Twins charged over rampage at parents’ house after being refused money for drugs

Accused’s father says he spent ‘over a million euros’ on his sons’ drug habit over the years

Cocaine (File photo)
Cocaine (File photo)

Two 39-year-old brothers from Qormi were remanded in custody on Monday after they were charged with threatening their parents and trashing their house when they were denied money to feed their drug habits.

Inspector Christian Cauchi arraigned the twin brothers before magistrate Lara Lanfranco, accusing them of using violence, including moral violence to compel their parents to give them money. One of the brothers was also charged with having done so using a firearm.

The pair were also charged with having knowingly caused their elderly parents to endure mental suffering and causing them to fear violence, one of them with a firearm, as well as destroying furniture at their parents’ house and threatening them.

The defendant who had allegedly threatened his parents with the firearm was also accused of violently resisting a police officer and threatening him while the officer had been acting in the line of duty and slightly injuring the officer.

He was further charged with having committed an offence during the operative period of a suspended sentence.

Both twins were also charged with breaching a treatment order they had been placed under in other proceedings.

Inspector Cauchi told the court that on March 17, the defendants’ parents had visited the Domestic Violence Unit to report that their two sons were drug addicts who would constantly demand money to sustain their habits and would wreck the house if their demands were not met.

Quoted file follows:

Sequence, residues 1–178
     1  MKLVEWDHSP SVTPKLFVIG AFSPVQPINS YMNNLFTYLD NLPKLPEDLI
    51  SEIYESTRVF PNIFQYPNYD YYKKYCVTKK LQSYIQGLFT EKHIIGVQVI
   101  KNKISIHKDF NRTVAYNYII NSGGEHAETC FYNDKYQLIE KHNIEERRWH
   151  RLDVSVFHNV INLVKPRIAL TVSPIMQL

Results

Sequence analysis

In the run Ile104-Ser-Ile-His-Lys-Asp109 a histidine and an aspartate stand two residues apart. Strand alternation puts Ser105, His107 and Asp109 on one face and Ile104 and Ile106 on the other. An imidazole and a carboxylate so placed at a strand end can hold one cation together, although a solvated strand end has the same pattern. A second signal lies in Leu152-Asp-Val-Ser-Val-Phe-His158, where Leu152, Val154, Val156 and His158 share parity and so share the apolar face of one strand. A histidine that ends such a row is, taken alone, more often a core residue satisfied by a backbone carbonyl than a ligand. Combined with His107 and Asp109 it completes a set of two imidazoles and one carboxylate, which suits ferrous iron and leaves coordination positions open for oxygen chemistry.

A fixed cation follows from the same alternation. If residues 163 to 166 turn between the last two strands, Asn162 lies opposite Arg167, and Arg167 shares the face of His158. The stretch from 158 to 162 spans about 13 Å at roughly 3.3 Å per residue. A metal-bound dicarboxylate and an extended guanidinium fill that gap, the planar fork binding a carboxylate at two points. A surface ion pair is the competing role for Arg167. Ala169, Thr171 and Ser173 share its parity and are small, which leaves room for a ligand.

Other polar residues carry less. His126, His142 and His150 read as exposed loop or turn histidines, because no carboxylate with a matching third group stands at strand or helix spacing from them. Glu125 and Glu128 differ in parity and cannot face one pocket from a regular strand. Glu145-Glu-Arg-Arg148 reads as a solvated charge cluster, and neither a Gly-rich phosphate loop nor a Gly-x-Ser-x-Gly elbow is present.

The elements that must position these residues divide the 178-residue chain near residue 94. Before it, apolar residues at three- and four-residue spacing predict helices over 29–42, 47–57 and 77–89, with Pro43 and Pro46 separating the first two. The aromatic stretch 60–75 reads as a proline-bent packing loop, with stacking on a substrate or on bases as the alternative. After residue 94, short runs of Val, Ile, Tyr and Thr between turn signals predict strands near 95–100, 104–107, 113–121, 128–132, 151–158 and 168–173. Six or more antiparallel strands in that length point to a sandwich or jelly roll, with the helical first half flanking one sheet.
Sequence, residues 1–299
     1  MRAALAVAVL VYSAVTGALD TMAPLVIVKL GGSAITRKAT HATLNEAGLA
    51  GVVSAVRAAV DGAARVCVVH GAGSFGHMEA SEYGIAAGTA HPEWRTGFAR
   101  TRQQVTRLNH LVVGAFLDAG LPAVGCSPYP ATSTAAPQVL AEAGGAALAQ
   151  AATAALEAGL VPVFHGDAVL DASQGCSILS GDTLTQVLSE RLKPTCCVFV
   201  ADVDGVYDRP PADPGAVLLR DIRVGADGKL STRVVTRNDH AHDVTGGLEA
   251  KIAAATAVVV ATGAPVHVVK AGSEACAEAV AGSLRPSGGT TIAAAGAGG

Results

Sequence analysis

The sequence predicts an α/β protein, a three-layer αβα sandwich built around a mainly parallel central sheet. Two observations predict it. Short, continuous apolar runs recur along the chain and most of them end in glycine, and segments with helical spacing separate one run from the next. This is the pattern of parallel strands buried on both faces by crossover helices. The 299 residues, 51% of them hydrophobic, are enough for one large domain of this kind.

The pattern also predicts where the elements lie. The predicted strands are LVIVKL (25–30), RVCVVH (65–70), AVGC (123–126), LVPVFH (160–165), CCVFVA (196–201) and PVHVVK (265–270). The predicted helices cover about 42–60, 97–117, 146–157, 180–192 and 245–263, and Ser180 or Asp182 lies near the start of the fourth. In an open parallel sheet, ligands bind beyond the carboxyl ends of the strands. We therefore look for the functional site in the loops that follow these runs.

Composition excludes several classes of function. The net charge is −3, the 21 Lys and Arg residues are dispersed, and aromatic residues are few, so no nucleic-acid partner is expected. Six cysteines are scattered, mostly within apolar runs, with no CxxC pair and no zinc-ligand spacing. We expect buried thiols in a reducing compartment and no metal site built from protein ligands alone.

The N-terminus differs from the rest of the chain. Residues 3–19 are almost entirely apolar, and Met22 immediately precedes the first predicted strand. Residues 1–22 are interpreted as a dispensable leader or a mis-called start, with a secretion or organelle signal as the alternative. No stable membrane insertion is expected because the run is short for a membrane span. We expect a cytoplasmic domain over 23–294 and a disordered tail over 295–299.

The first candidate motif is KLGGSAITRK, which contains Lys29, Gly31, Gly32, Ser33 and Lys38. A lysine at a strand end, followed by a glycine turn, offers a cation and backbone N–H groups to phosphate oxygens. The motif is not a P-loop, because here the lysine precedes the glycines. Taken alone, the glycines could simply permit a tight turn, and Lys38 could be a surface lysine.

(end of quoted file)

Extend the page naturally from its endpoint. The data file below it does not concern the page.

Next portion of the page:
The inspector added that on one occasion, while the father had been cleaning his firearms, one of the defendants had grabbed the weapon and threatened to kill him, after the father refused to give the money that his son was demanding to buy drugs with.

The court also heard how the twins’ father had told police that he had spent “over a million euros” on his sons’ drug habit over the years.

The defendants, who told the court that they were unemployed, both pleaded not guilty to the charges.

Lawyer Yanika Barbara Sant, assisting the defendants, asked the inspector when the father had reported the gun incident. “Yesterday,” replied the inspector, clarifying that the actual incident had purportedly happened three months ago.

Barbara Sant requested bail at this stage.

Inspector Cauchi objected to the men being released at this stage, citing the risk of them suborning witnesses as they visited their parents every day. The defendants also had a criminal record.

Barbara Sant disagreed with the inspector’s assessment of the defendants to be untrustworthy, arguing that they had never been convicted of breaching bail.

She expressed scepticism about the alleged incident involving the father’s firearm, arguing that if it had really caused the parents to fear for their lives, the report would have been made on the day of the incident and not three months later.

Bail was denied by the court, however, because of the nature of the charges, together with the fact that the alleged victims were yet to testify in these proceedings, meant that the court could not have peace of mind that evidence would not be tampered with.